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When Water Vapor Becomes Snow

By Ron Kurtus (revised 30 December 2006)

Snow is created when water vapor—the gaseous state water—is cooled so much that it turns into solid ice crystals or snow.

Going directly from a gas to a solid is call deposition. The molecular characteristics of water causes its solid state to be in regular crystals.

The size and shape of these ice crystals is determined by the amount of water and the temperature at which snow is formed.

Questions you may have include:

This lesson will answer those questions. Useful tool: Units Conversion



Deposition process

Deposition is when a gas turns directly into a solid. This happens under certain circumstances of temperature and pressure. The opposite of deposition is sublimation, when a solid turns directly into a gas. Dry ice is an example of sublimation, where a solid turns into carbon dioxide (CO2) gas.

(See Changing States of Matter and Dry Ice for more information on those subjects.)

Vapor becomes crystals

Clouds consist of water vapor or the gaseous state of water (H2O). In cold weather, the conditions are right for the vapor to turn directly into solid ice crystals.

At higher temperatures, the water vapor molecules have sufficient kinetic energy to overcome any bonding forces that would hold them together as a liquid or in some solid pattern. When the temperature gets low enough, the molecules gather in a solid crystalline structure.

Snow compared to rain

Snow crystals or snow flakes are usually fluffy and not very dense. The amount of snow is about 8 times the amount of rain water. In order words, a snowstorm with 16 inches of snow would only amount to 2 inches of rain. Or 40 cm of snow would be only 5 cm of rain.

Sleet

Snow is not formed from rain drops in the clouds freezing. If the temperature in the clouds is not cold enough to create snow but the and it starts to rain, that rain can still freeze when the temperature near the ground is below freezing. In such a case, it is called freezing rain or sleet.

Snow crystals regular

As water changes its state and becomes ice, the molecular forces start to arrange the water molecules into a regular pattern or crystalline shape. This also happens when water vapor turns directly into ice crystals.

See patterns in ice

You can watch water freeze and see the patterns of ice form on its surface as the liquid turns to solid. This gives you an idea of what happens when water vapor crystallizes.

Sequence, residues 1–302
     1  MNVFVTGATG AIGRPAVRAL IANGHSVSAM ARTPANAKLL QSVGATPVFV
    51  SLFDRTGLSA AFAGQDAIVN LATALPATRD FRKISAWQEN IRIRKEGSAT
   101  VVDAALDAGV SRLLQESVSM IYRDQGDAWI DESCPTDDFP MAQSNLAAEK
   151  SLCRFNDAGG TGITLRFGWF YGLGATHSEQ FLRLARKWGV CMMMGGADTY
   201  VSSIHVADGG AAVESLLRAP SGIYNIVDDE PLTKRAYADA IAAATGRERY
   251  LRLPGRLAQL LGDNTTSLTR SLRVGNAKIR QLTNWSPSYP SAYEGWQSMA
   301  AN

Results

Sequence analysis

Crystals are 6-sided

Clouds consist of water vapor. When the temperature is low enough, the water vapor molecules gather together and form small crystals of ice that we call snow. Because of the shape of the water molecules the bonding is hexagonal, such that the crystals are 6-sided.

6-sided snowflake crystals

6-sided snowflake crystals

Temperature affects shape

The temperature of the air in the clouds affects the shape and type of the snow flake. This has to do with how fast the water freezes and crystallizes.

Celsius (°C)

Fahrenheit (°F)

Shape

0° to -4° 32° to 25° Thin plates
-4° to -6° 25° to 21° Ice needles
-6° to -10° 21° to 14° Hollow columns
-10° to -12° 14° to 10° Six-sided plates
-12° to -16° 10° to 3° Intricate dendrites
-16° to -22° 3° to - 8° Six-sided plates
-22° and below - 8° and below Hollow columns

Summary

Water changes from the liquid to the solid state when it freezes, creating ice crystals. When this happens in clouds, the ice crystals are in the form of snow. The temperature at which snow is formed, affects the shape of the flakes.


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Resources and references

Ron Kurtus' Credentials

Websites

Snow Crystals - Information from the California Institute of Technology

Snow Science - Good background on snow

Matter Resources

Physics Resources

Books

Top-rated books on Matter

Top-rated books on Physics

Top-rated books on States of Matter


Questions and comments

Do you have any questions, comments, or opinions on this subject? If so, send an email with your feedback. I will try to get back to you as soon as possible.


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